[2]Please see https://mic.com/articles/68431/women-around-the-world-are-being-stoned-to-death-do-you-know-the-facts#.uGpMR6zTx. Accessed on 5/12/2017.
[3] See https://en.wikipedia.org/wiki/Stoning. Accessed on 5/12/2017.

Reflection on the third of Jesus’ Seven Last Words: Woman, behold your son…Behold your mother. – John 19:26, 27

Message:      Good Friday Reflection on John 19.26, 27
Text:              When Jesus saw his mother and the disciple whom he loved    standing nearby, he said to his mother, “Woman, behold your son!”  Then he said to the disciple, “Behold, your mother!” And from that hour the disciple took her to his own home.
Preacher:    Patrick H. Wrisley, D.Min.
Location:     First Pres DeLand
Date:            April 14, 2017, Good Friday

Mother Mary, Aunt Mary, and his Anam Cara or soul friend, Mary Magdalene, were standing off some ways from the bloody spectacle of three crucified men. With them was Jesus’ best friend and soul brother, John Zebedee, who appears to have fled Gethsemane the night before at the arrest and ran to the safety and comfort of those who are closest to Jesus – his family and his closest soul sister.  I can’t imagine they slept well that night because of the shock and fear enveloping them.  No doubt, John was pumped for details about all that happened in the Garden hours earlier.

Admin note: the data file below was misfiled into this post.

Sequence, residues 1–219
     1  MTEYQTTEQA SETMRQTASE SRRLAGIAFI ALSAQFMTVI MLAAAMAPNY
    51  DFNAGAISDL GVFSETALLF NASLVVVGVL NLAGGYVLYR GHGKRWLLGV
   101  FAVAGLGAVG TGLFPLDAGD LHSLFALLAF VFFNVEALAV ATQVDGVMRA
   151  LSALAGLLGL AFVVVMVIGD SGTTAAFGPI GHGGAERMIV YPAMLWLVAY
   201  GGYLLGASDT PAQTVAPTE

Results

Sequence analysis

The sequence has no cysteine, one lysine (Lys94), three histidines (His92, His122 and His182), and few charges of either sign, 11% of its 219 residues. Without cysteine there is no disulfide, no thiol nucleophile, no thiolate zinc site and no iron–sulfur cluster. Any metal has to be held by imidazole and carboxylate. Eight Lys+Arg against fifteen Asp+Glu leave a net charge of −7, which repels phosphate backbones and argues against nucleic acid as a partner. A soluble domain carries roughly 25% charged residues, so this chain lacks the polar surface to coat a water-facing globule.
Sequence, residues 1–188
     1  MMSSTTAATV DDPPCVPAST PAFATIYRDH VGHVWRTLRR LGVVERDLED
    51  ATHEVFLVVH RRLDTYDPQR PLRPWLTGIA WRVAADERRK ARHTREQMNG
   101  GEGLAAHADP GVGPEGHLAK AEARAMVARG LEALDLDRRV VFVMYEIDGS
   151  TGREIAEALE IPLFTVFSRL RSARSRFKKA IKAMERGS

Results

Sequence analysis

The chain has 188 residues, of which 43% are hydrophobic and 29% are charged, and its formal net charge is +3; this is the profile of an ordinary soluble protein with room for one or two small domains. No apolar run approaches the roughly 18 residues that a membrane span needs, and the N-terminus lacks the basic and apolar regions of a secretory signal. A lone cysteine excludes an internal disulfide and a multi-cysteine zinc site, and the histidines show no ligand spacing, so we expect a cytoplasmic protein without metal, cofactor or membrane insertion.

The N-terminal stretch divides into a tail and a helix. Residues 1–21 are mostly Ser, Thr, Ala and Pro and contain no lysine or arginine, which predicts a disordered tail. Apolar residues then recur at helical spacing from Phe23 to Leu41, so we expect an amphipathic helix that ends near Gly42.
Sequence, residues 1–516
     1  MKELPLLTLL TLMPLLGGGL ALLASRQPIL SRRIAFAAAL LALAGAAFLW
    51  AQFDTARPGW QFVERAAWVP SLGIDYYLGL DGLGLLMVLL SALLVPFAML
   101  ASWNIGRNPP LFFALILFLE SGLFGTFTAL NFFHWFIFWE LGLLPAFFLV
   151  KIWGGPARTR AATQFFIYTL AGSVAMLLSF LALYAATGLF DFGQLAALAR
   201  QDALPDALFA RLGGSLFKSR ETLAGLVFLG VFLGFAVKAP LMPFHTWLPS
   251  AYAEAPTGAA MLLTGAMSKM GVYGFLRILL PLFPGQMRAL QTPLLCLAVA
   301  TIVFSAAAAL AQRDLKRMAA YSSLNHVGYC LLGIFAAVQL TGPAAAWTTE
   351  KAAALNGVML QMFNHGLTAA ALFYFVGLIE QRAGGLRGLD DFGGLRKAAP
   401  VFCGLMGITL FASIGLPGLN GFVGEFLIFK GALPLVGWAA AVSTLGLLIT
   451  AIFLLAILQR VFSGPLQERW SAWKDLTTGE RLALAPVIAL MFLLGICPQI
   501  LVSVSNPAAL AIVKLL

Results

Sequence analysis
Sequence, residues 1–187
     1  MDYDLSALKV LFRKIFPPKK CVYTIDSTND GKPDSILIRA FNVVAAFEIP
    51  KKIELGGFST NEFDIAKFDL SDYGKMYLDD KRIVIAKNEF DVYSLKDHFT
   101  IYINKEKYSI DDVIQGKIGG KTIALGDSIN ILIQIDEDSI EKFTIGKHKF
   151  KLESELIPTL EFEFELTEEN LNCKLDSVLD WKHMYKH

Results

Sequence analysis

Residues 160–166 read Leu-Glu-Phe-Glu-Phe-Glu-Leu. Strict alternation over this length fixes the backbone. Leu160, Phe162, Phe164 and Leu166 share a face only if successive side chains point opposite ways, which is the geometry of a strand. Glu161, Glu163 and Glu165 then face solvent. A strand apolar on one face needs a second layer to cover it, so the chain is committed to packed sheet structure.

“Did Jesus get hurt?”

“Did anyone stand up for him?”

“Who turned him into the religious officials?”

I can picture John, all shook up, afraid and in the dark about everything that’s happened trying to answer their interrogations.  By this time in the afternoon, their worst fears were becoming reality:  Jesus had been given a death sentence.

So those who had the most intimate emotional connection with Jesus went to see what was happening.  It’s not a sight any parent would want to see of their child.  It’s not a scene best friends would care to witness but the four of them came anyway.  They had to come and see for themselves.  Numb with shock, they stumbled to Golgotha to see with their own eyes what they have heard rumors about from others. This is what they saw.